Violence is at the core of the harsh reality faced by the most deprived children all over the world. Violence can drive children into a status of marginalisation and the most marginalised children are at higher risk of violence. This creates a devastating combination of causes and effects, locking these children into a vicious circle of violence. We know that violence has a direct, negative impact on children’s learning, health and nutrition and to their overall quality of life. But we also know that with the right interventions, the vicious cycle can be broken.
Violence pushed Giselle*, 13, and her family to try to migrate from their home country Honduras to the US. Giselle had been bullied at school by two gang members’ girlfriends who eventually forced her into an empty building at gunpoint, where Giselle was raped by gang members. She became pregnant but lost the baby prematurely. The family tried to flee but were returned and still live in fear that the gang will find them. Giselle stopped going to school.
Hurriyah* is 12 and fled Syria because of the war. She now lives in Lebanon and attends school but her vulnerable situation has led her father to become increasingly strict on her movements and dress. A 17-year-old boy from the neighbourhood has started harassing Hurriyah, following her to and from school. Her father says that he will arrange for her to marry imminently, as he sees no other way to protect her.
These examples show that violence at societal levels such as armed conflicts or violence linked to organized crime, are forceful drivers of migration. They also show that being a girl can be dangerous. Twenty percent of women worldwide have suffered sexual abuse as children and every 10 minutes, somewhere in the world, an adolescent girl dies as a result of violence.[i] Gender norms and gender inequality drive violence against girls, including female infanticide, neglect, female genital mutilation, honour killings and early marriage,[ii] with consequences such as early or unwanted pregnancy, childbirth complications and maternal mortality.[iii]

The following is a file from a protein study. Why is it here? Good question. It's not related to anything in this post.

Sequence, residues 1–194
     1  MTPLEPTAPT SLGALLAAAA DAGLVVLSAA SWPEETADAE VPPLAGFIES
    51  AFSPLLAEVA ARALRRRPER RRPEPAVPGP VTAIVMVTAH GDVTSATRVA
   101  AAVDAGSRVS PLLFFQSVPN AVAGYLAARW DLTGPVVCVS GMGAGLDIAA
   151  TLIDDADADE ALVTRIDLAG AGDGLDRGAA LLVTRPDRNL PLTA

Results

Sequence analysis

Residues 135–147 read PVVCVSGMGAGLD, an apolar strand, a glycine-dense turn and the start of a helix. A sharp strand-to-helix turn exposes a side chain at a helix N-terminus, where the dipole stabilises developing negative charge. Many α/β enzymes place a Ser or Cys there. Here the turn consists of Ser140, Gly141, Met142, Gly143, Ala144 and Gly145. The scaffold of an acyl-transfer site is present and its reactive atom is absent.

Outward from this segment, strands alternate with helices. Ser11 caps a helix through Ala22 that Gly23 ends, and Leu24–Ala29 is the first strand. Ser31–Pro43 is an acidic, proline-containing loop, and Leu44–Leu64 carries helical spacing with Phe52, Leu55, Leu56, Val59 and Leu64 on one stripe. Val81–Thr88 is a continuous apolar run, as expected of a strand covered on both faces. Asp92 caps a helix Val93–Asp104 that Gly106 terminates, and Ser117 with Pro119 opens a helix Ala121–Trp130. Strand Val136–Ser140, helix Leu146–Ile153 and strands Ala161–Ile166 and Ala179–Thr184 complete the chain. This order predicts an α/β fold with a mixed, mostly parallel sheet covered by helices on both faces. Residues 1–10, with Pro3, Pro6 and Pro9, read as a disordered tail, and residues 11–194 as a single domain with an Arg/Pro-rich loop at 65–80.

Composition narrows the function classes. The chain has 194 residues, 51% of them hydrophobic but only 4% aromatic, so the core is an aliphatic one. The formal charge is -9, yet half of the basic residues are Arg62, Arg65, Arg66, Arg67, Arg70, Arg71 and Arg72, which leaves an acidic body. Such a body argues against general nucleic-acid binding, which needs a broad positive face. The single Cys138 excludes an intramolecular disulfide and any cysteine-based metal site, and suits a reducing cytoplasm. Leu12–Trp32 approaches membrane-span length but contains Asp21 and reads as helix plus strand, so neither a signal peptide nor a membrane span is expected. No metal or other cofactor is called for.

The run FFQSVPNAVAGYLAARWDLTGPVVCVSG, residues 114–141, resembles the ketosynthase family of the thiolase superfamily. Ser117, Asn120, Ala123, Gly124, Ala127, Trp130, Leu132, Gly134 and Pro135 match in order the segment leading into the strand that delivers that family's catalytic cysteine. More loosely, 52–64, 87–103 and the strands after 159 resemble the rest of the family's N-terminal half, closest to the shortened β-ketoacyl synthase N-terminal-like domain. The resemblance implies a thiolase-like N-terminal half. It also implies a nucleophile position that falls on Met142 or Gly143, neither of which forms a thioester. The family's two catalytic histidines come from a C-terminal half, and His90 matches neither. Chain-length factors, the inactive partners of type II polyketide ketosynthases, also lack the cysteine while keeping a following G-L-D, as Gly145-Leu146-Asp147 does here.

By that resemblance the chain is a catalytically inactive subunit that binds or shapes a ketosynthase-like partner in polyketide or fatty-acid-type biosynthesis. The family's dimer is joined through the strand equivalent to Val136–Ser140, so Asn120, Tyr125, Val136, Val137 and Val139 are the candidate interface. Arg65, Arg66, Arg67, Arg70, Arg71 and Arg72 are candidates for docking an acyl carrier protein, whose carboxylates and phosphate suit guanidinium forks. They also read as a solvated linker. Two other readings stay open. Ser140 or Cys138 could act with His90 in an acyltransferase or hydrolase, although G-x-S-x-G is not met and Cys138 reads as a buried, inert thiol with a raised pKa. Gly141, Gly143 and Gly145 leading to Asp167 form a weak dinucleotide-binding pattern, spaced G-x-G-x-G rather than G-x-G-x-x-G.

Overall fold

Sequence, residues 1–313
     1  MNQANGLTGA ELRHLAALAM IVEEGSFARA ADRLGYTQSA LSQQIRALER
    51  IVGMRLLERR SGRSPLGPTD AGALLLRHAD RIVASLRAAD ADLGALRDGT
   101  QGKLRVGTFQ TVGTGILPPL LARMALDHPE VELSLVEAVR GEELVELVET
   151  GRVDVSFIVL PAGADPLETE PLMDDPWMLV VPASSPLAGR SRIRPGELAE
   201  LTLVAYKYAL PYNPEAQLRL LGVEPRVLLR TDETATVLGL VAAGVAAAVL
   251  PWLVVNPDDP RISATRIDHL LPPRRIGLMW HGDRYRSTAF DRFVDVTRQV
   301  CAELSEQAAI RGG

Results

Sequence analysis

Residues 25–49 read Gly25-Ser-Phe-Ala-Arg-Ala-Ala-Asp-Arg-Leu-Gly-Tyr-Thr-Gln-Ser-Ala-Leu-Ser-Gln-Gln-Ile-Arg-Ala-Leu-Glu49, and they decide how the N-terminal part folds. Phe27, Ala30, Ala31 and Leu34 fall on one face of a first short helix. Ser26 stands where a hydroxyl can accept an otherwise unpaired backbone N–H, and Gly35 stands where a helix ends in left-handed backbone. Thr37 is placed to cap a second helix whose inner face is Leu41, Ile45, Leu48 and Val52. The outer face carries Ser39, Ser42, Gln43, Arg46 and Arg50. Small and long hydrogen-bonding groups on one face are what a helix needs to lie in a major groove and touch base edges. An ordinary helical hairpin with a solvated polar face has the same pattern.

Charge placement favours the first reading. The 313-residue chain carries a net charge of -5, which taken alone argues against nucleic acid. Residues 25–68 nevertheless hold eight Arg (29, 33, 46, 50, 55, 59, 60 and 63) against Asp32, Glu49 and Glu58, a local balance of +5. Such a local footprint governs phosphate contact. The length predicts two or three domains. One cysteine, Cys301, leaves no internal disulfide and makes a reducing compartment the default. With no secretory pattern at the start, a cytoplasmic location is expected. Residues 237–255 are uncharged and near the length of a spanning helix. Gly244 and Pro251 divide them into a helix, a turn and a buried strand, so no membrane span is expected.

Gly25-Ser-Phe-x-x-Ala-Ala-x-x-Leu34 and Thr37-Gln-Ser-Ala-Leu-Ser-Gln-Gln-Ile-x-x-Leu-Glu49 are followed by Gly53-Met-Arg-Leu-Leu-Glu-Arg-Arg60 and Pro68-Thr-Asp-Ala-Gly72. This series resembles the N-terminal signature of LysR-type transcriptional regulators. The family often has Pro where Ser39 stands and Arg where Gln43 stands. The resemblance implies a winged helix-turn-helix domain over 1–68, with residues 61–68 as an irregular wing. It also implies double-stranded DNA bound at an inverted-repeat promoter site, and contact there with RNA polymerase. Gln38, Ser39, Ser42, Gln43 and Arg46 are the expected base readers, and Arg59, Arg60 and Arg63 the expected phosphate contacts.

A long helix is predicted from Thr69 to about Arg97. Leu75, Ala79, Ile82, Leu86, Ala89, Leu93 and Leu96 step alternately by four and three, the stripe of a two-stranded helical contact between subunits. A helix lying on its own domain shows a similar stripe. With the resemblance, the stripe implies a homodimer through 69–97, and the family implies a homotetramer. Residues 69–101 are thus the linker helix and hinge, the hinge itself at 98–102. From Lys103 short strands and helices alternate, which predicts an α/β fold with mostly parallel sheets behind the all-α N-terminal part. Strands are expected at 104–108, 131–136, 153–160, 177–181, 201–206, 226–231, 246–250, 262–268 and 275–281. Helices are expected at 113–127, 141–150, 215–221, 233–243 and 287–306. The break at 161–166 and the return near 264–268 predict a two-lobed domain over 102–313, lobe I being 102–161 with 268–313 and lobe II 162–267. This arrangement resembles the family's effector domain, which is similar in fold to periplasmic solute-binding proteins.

Other forms of exclusion also attract violence. Children with disabilities are three to four times more likely than non-disabled children to be victims of any sort of violence.[iv] Children living on the street face high risk of violence from members of the general public and police. Children from minority ethnic groups and low caste groups face increased violence in communities and schools.[v] Those are just a few examples.
Violence within the family is a reason for some children to run away from home and living on the streets, joining a gang or armed group or migrating within or outside of the country. This in turn increases risks of trafficking and exposure to transactional sex and decreases children’s opportunities to access education, health and protection services.[vi]
But we know that violence is preventable and that gender norms can be changed. Our programmes have contributed to changing attitudes and providing support to parents, communities and children to protect girls like Hurriyah from sexual harassment on her way to school and seek help. We work in schools and homes to support parents, teachers and caregivers on how to raise and teach children without using violent discipline. And we help children like Giselle accessing specialised services to deal with horrific experiences of rape, seek justice and find positive ways forward in life. We also advocate for laws that protect children, for services that are fully funded and for a trained social workforce.
Our Every Last Child campaign is calling for three guarantees for the most excluded children: fair finance, equal treatment and accountability to children. Considering the role that violence plays in the lives of the most excluded children, it is critical that these guarantees fully address it, by for example:
Fair finance – Governments need to invest better and more funding to services that prevent and respond to violence against children and in strengthening systems that reach every last child.
Equal treatment – Laws and policies must prohibit all forms of violence against children, including physical and humiliating punishment and sexual violence. Attitudes and behaviours that condone or justify violence against children need to be changed.
Accountability to children – Empowering girls and boys with knowledge, skills, and confidence to express their views and participate in decisions affecting them, including access to information about child rights, sexual and reproductive health, gender equality, and child protection.
A child who lives free from violence will have higher chances to do better in school, grow up healthy and become a successful member of the society. This is even more so for every last child.
[i] United Nations Children’s Fund, A Statistical Snapshot of Violence against Adolescent Girls, UNICEF, New York, 2014.
[ii] United Nations Population Fund, 2012
[iii] Hervish & Feldman-Jacobs, 2011
[iv] OSRSG-VAC, 2013; WHO 2012
[v] Family for Every Child, 2013; Pinheiro, 2006
[vi] Consortium of Street Children and Plan, 2011; Every Child et al., 2010; Greenbaum, 2014; OSRSG-VAC, 2013; OHCHR, 2012; WHO, 2015
* name changed to protect identity